LINGUIST List 2.714

Sat 26 Oct 1991

Disc: Is language Finite? Motion Verbs

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  1. "Michael Kac", Re: 2.686 Is language infinite
  2. Larry Horn, Come and Bring
  3. "Barbara.Abbott", Bring and come
  4. BARBARA PARTEE, Motion Verbs

Message 1: Re: 2.686 Is language infinite

Date: Wed, 23 Oct 91 14:54:42 -0500
From: "Michael Kac" <>
Subject: Re: 2.686 Is language infinite
In response to Henry Kucera's query re Hockett's baseball/football analogy:
Hockett, if I remember correctly, argues that football scores above a certain
number are impossible because a game of football is played within a closed
time interval (whereas a baseball game continues until one side wins, howe-
ver long it takes). The problem I have always had with this argument is that
I see an equivocation in 'impossible'. It's certainly true that for team of
human football players to score, say, 1m. points in a single game would be
impossible from a performance standpoint. But insofar as the rules of football
are concerned, such a score is perfectly possible. What I mean by this is that
given the rules (particularly as they pertain to what kind of play is worth
how many points) you can, by induction, prove that for any n > 1 there is
a combination of plays that will yield n points. In that sense, all scores
greater than 1 are possible.
And in the SAME sense, a score of 1 is IMPOSSIBLE because while there is
a play worth just 1 point (namely the point after touchdown), this play can-
not be executed until a touchdown (worth 6 points) has already been scored.
I think this makes it clear that two quite different senses of 'impossible'
are involved when you say (a) that 1 is an impossible score, and (b) that
1m. is an impossible score.
As long as I have the floor (metaphorically speaking), let me toss in ano-
ther observation that I don't think has yet been made in this discussion.
Think about what you do when you program a computer to, say, add arbitrary
sequences of numbers: 2 + 2, 3 + 9 + 24 + 837, etc. No actualy computer is
ever going to be given anything but a finite sequence to work with, and no
actual computer will be able to exceed a certain length limit (nor, indeed,
if the sum is too large, a limit on the sizes of the various terms in the
expression). But when you program a computer to do things like this, you
write the program with a control structure that allows in principle for
all kinds of possibilities that are going to be beyond the capacities of
any actual machine. As far as the programmer is concerned, in other words,
there is no upper bound on either the length of the sequence of terms to
be added or on the size of the sum. So as to simplify the task, the programmer
addresses an ideal machine. The analogy to what a linguist does is not pre-
cise, but I think that it is revealing nonetheless.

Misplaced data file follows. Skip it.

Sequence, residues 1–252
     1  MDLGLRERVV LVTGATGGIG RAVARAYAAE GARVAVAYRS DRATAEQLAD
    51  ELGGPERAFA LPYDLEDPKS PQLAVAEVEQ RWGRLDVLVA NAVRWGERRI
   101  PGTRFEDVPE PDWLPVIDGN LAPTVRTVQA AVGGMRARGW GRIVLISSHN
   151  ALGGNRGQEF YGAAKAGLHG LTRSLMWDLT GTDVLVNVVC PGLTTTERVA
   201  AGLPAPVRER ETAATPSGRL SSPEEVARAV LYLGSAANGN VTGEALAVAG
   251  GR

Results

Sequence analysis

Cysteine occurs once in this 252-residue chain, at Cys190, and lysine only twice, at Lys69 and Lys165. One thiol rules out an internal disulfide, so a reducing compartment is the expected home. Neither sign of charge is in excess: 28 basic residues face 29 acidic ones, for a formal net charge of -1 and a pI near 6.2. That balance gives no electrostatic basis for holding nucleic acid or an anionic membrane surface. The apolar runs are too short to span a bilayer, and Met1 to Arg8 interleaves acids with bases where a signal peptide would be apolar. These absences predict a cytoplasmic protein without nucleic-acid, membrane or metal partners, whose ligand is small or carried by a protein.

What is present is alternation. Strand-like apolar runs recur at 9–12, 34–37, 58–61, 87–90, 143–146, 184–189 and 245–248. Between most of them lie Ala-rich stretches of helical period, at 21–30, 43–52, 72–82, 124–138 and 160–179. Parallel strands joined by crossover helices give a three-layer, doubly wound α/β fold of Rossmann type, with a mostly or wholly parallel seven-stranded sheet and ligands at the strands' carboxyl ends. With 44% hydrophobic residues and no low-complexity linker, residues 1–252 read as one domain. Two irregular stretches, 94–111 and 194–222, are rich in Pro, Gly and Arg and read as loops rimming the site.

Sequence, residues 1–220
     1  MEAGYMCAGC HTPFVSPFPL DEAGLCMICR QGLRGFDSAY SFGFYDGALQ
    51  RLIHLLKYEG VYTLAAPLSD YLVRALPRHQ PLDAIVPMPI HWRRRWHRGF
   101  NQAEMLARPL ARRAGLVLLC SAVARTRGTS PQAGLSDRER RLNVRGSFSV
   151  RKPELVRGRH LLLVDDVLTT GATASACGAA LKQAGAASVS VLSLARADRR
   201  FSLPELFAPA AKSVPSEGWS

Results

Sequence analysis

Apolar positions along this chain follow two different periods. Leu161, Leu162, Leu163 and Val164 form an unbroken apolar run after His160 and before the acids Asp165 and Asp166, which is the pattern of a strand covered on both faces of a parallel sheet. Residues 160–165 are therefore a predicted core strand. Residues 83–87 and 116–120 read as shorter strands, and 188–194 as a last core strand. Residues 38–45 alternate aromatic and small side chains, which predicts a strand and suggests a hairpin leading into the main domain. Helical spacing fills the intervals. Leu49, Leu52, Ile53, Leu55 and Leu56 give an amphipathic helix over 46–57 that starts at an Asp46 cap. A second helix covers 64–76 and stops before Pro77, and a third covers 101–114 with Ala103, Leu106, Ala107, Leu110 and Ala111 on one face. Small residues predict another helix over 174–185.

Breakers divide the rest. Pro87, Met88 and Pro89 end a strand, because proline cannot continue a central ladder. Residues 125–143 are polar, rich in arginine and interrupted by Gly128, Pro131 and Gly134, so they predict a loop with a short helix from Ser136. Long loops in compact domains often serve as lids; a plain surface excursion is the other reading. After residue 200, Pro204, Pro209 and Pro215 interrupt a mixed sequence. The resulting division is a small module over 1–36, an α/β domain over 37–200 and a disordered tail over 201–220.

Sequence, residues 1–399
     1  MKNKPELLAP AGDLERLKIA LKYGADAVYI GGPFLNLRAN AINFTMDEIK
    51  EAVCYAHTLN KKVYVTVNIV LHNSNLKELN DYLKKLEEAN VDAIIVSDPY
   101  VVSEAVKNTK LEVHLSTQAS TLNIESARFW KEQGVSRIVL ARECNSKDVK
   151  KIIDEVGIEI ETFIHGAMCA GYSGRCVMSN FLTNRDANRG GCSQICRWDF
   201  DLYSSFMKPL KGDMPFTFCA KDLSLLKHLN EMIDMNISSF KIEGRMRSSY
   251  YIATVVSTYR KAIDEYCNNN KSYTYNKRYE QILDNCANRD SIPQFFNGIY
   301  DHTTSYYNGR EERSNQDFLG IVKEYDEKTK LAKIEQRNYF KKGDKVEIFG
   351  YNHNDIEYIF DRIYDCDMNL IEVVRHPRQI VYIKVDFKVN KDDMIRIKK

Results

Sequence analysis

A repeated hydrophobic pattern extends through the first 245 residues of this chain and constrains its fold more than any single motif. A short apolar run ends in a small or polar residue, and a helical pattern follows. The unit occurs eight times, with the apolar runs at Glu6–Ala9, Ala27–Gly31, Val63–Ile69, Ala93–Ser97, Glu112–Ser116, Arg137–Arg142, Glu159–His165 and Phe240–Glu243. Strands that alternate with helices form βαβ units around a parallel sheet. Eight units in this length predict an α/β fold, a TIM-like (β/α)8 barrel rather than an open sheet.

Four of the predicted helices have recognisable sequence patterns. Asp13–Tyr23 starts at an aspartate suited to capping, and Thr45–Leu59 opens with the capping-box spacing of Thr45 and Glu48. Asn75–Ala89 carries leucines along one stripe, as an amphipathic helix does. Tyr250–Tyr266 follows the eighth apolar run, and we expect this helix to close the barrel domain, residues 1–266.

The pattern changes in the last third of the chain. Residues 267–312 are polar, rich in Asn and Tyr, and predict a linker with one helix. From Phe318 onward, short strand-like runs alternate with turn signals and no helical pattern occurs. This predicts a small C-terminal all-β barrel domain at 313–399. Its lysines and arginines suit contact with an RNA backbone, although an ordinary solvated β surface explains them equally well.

Michael Kac
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Message 2: Come and Bring

Date: Wed, 23 Oct 91 10:24:11 EDT
From: Larry Horn <LHORNYALEVM.YCC.Yale.Edu>
Subject: Come and Bring
Re Adam Kilgarriff's query on "come" and "bring" patterns: besides the
Fillmore citations, there's a contemporaneous squib in Linguistic Inquiry 2
(1971): 260-65 by Bob Binnick called "Bring and Come" in which a number of
idioms that allow both predicates (come about/bring about, come up/bring up,
come to/bring to) are listed, along with a number that don't (come to
grief/*bring to grief, come clean/*bring clean, come to pass/*bring to pass).
[Fillmore is cited, along with Perlmutter, in a footnote as having come up
with [!] "essentially the same set of facts".] To the Binnick/Fillmore lists
we can now add (at least in some dialects) come out/bring out [as gay, out of
the closet, etc.]. My favorite uncited example of the non-parallel variety is
come a cropper/*bring a cropper. Incidentally, these patterns were
historically important in the support they offered for the then popular view
of lexical decomposition in the grammar, in that an abstract higher predicate
CAUSE seems to have to apply to an idiom chunky, sublexical item "come".
 --Larry Horn
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Message 3: Bring and come

Date: Wed, 23 Oct 91 09:24 EDT
From: "Barbara.Abbott" <ABBOTTMSU.BITNET>
Subject: Bring and come
Another early reference on shared idioms with bring and come is Robert
Binnick's 1971 squib "Bring and come", in LInguistic Inquiry vol. 2.
(I sent this info. to Adam Kilgarriff separately, but maybe others
would be interested.)
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Message 4: Motion Verbs

Date: Tue, 22 Oct 91 22:46 EST
Subject: Motion Verbs
Re "Bring" and "come": Another early reference is Robert Binnick (1971)
"Bring and come", LI 2.2 260-265. That squib contains a long list of
parallel idioms.
 -Barbara Partee
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